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How Big is Paris? & More Basic Facts about the French Capital

Answering the Most Common Questions before a First Trip to Paris
View of Paris skyline and Eiffel Tower from Montparnasse Tower
Last updated July 6, 2023
So that you can quickly get to know our city a little better and have a clearer idea of what to expect, we’re answering eight questions that cross everyone’s mind before visiting Paris for the first time.

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Traveling to a new city is always a learning experience, one full of excitement, surprises, and sometimes a few nerves. When planning a trip, it’s easy to get swept up in the research of what to see and do — all the fun parts of exploring a new place — but once plans are made, we often find ourselves going back to basics and looking up statistics or searching out more practical information.

That’s why we’re answering eight of the most common questions people ask before their first trip to Paris.


1. Where is Paris?

Map showing where Paris is located
Map made with background from Free Vector Maps

France’s capital city lies in the northern part of the country. Believe it or not, it’s actually farther north than Montreal!

By high-speed train, Paris is just two-and-a-half hours from London, three hours from Brussels, and roughly two hours from Lyon or Bordeaux. There are also plenty of smaller cities nearby worth visiting, including these great day trips from Paris.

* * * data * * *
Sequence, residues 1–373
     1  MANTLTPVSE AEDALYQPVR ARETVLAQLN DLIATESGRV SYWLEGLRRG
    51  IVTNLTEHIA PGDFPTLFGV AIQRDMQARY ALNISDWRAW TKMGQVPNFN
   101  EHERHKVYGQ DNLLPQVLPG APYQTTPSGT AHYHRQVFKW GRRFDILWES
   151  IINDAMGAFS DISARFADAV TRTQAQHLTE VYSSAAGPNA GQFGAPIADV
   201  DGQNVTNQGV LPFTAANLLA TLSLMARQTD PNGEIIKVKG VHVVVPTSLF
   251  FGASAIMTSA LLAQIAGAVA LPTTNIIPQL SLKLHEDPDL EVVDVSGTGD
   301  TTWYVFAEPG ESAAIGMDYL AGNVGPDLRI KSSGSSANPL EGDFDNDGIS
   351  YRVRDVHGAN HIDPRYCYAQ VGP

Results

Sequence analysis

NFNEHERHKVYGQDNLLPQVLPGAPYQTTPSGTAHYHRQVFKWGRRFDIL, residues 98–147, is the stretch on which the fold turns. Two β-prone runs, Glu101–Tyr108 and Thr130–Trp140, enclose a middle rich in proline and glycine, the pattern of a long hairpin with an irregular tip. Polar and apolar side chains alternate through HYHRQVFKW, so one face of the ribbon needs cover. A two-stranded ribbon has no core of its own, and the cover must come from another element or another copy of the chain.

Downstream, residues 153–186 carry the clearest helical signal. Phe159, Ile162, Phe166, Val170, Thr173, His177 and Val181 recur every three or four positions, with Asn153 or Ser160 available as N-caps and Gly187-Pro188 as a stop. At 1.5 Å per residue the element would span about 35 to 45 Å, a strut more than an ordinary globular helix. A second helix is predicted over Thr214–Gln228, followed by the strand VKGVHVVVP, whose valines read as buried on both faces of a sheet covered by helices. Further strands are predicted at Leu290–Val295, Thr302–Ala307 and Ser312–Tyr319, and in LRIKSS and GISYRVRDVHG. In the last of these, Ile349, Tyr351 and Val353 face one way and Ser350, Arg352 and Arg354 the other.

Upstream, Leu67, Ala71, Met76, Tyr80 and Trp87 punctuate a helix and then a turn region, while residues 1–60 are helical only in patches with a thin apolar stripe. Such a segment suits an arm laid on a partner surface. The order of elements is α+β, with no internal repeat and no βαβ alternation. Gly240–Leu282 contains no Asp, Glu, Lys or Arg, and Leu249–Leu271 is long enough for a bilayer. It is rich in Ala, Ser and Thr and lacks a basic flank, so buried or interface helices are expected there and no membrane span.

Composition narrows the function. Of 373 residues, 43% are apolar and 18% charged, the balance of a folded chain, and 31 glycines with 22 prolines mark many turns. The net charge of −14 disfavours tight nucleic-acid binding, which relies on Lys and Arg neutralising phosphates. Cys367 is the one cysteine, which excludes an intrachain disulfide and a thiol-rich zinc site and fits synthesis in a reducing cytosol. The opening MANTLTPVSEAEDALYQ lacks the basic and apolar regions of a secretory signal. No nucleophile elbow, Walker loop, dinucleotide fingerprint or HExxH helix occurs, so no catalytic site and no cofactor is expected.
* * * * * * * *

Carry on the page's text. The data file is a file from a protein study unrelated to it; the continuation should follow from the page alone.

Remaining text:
2. How big is Paris?

The City of Light is surprisingly small. Paris is approximately 6 miles (9.5 km) from north to south and 7 miles (11 km) from east to west. Even if you include the two large woods, or bois, on the edges of the capital, the city proper is still only 11 miles (18 km) wide.

Since it’s so compact, the city is very walkable. In fact, we think one of the best ways to explore Paris is on foot.

Trocadéro, Passy, Auteuil, a Paris Neighborhood

3. How many people live in Paris?

Over 2 million people live in Paris proper. The entire Paris region, Ile-de-France, has a population of more than 12 million (Source: Insee).

4. What’s the weather like in Paris?

Paris has a generally mild climate, with temperatures ranging from the 40s to the upper 70s Fahrenheit (or 5–25 celsius). It is fairly wet though, with an average of 7–10 days of rain every month, so be sure to bring an umbrella. It rarely snows in Paris in winter, but be warned — summers can get hot!

July and August often see a canicule, a heatwave bringing temperatures of 90-100 degrees Fahrenheit (32–37 celsius) lasting for a few days or even a couple weeks. This can be particularly hard on visitors and expats alike, as most businesses and homes in Paris don’t have air conditioning. But we do have some tips for beating the heat.

Parisian couple sunbathing during a heatwave in Luxembourg Gardens

5. When’s the best time to go to Paris?

It may sound cliché, but Paris really is lovely in every season. The changes in the leaves, light, temperature, and atmosphere that accompany the change of season mean you’ll get something different out of your time in the city depending on when you go.

Spring in Paris sees the city burst into life and into bloom. Mid-March to early April is the perfect time to go if you want to catch the cherry blossoms and magnolias and to avoid the rain that usually arrives in May.